> Saint Saens Requiem, Organ Symphony Cala CACD1032 [CF]: Classical Reviews- February 2002 MusicWeb(UK)

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Cala Records

Camille SAINT-SAËNS (1835-1921)
Overture : La Princesse jaune
Symphony No.3 (Organ Symphony)

Tinuke Olafimihan (soprano)
Catherine Wyn-Rogers (contralto)
Anthony Roden (tenor)
Simon Kirkbride (bass)
James O’Donnell (organ)
The Hertfordshire, Harlow, and East London Choruses
London Philharmonic Orchestra
Geoffrey Simon (conductor)
Recorded at All Saints Church, Gospel Oak,, London, 14 -19 January 1993
Grand Organ recorded at Westminster Cathedral, 15 April 1993
CALA CACD 1032 [78.27]

Cala Records have some enterprising repertoire among their burgeoning number of labels, 20 of them conducted by their founder, the conductor Geoffrey Simon. This one mixes the ever-popular third symphony with the less familiar Requiem and one of his many overtures, La princesse jaune, an early (1872) one-act operetta based on an oriental fantasy. Saint-Saëns was heavily into the middle and far east, the French North African colonies (the fantasy Africa, the Suite algérienne and so on) as well as the more obvious Samson and Delilah as a subject for his best known opera. Far from being a story about jaundiced royalty, this relates the experience of a Dutchman transported Berlioz-like under the influence of narcotics to Japan where he falls for a figurine of a yellow princess, only to awake to find himself in the arms of his beloved. The overture is a charming piece of music owing much to Offenbach in many ways.

The Requiem was written pre-mortem at the request of a friend, Albert Libon, and when the event occurred in 1877, the composer duly wrote his commission in eight days. Its operatic style recalls Verdi, quotes the familiar Dies Irae, and supplicates entreatingly between the quartet of soloists and chorus with music of considerable beauty, particularly the Hostias. Harps, organ and four trombones are among its most distinctive moments of translucent orchestration, and it’s hard to know why the work is not performed more often, for at 35 minutes it would make a good half of a concert with, say Fauré’s in the other. A tragic footnote to the history of this Requiem occurred when, shortly after the composer returned from Switzerland, where he wrote it, his young son fell to his death from the fourth floor of the Saint-Saëns family home in Paris, followed just a few weeks later by the death from illness of his other child. Just as with Mahler and Dvorak, such music often finds resonances in composers’ family lives, whether written as a premonition or in response to such awful events.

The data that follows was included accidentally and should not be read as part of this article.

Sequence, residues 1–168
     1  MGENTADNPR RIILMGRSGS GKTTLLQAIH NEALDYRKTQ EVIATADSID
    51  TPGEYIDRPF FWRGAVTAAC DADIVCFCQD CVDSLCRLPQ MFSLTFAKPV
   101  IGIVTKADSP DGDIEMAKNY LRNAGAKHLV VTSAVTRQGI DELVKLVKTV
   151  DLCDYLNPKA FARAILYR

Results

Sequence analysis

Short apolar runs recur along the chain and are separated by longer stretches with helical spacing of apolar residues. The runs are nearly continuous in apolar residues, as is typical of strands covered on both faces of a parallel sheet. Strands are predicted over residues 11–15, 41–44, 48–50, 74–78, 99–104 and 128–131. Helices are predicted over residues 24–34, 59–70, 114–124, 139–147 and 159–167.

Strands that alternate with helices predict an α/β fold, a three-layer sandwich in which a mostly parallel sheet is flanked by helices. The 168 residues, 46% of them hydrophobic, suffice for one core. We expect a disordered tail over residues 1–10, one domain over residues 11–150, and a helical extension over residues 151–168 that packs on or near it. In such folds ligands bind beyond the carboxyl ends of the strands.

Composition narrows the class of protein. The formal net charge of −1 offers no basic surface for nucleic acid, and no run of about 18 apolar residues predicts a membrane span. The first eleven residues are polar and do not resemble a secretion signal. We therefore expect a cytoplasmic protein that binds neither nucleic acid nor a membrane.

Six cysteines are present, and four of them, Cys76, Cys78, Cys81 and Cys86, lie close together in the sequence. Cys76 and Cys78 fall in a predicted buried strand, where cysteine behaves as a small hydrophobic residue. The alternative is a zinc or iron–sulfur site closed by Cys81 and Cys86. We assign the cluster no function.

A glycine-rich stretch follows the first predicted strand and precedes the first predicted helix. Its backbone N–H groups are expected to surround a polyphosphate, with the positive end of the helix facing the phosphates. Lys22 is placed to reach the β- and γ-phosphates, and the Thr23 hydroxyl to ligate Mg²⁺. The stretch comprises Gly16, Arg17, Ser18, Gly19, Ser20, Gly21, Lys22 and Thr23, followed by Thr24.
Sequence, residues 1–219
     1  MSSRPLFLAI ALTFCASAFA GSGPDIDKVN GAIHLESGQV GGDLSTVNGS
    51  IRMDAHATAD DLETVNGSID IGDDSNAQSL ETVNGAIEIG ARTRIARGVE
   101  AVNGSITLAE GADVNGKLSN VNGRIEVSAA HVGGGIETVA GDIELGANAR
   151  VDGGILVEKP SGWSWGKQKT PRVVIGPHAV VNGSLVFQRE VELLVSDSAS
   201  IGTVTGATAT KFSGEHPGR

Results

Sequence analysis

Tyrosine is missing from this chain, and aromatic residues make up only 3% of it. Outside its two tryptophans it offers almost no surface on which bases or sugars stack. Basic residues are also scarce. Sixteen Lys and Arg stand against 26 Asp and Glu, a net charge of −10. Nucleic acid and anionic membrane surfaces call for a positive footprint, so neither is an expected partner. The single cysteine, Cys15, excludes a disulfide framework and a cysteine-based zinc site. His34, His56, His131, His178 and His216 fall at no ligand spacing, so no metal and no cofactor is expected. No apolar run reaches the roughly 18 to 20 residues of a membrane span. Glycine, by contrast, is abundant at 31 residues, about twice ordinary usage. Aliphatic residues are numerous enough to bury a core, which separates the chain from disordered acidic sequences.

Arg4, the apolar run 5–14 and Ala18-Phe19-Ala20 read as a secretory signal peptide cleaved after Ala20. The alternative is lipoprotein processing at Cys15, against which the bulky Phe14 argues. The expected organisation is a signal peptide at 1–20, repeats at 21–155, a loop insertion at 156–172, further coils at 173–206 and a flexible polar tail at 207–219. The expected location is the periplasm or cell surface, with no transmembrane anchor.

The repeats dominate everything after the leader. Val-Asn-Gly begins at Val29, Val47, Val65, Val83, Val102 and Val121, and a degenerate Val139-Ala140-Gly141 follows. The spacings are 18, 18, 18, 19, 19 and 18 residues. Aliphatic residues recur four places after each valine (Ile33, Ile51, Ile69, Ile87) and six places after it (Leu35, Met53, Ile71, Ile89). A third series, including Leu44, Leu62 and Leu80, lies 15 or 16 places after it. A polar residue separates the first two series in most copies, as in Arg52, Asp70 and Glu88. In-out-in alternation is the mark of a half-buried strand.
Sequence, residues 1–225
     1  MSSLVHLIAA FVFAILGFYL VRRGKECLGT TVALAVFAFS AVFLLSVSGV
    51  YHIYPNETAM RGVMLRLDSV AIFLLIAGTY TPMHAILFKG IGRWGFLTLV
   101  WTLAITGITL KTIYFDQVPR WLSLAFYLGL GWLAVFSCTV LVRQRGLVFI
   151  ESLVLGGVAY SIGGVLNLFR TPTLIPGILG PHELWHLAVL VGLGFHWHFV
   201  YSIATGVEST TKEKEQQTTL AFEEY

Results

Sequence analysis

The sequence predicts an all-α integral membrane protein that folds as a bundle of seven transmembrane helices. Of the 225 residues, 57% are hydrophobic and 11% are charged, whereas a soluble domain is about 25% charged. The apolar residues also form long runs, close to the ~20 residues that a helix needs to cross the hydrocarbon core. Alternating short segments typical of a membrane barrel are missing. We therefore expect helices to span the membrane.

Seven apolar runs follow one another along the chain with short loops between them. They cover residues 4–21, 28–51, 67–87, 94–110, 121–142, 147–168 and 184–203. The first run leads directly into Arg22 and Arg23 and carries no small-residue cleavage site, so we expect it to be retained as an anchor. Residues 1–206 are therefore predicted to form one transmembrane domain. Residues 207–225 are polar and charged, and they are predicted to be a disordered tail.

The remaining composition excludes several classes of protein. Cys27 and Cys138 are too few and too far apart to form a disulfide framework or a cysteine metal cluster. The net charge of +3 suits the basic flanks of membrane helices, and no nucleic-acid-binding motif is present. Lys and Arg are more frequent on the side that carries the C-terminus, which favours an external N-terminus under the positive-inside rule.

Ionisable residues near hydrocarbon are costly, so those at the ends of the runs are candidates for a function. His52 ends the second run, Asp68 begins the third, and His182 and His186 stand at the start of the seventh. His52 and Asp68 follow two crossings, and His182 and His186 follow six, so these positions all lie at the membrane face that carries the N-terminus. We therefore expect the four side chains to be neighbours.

When Saint-Saëns wrote his third (in fact fifth but two are unnumbered) symphony he was at the height of his popularity as a composer, pianist, and conductor at the age of fifty. It was the Philharmonic Society in London which commissioned the work, first performed there on 19 May 1886 and dedicated to Liszt who was to die at Bayreuth in July that year. It is essentially a work in two halves, each an Allegro preceded by a slow introduction. The organ’s appearance in the finale is one of the most thrilling in music and surely accounts for its popularity ever since its triumphant premiere. It certainly was, and remains ‘a treat for the people who hear it’.

The performers on this excellent disc all serve the music well, the acoustics sufficiently spacious for this ethereal music, and the excellent quartet of soloists (whatever happened to Tinuke Olafimihan after her thrilling singing in Porgy and Bess?) blend magnificently. It must have been odd to record it all without an organ, which was apparently dubbed in a few months later, but thanks to science and the glorious playing of James O’Donnell, it proved a seamless operation to insert it. The orchestral playing by the LPO is unsurprisingly superb. The disc is a digital remastering

Christopher Fifield


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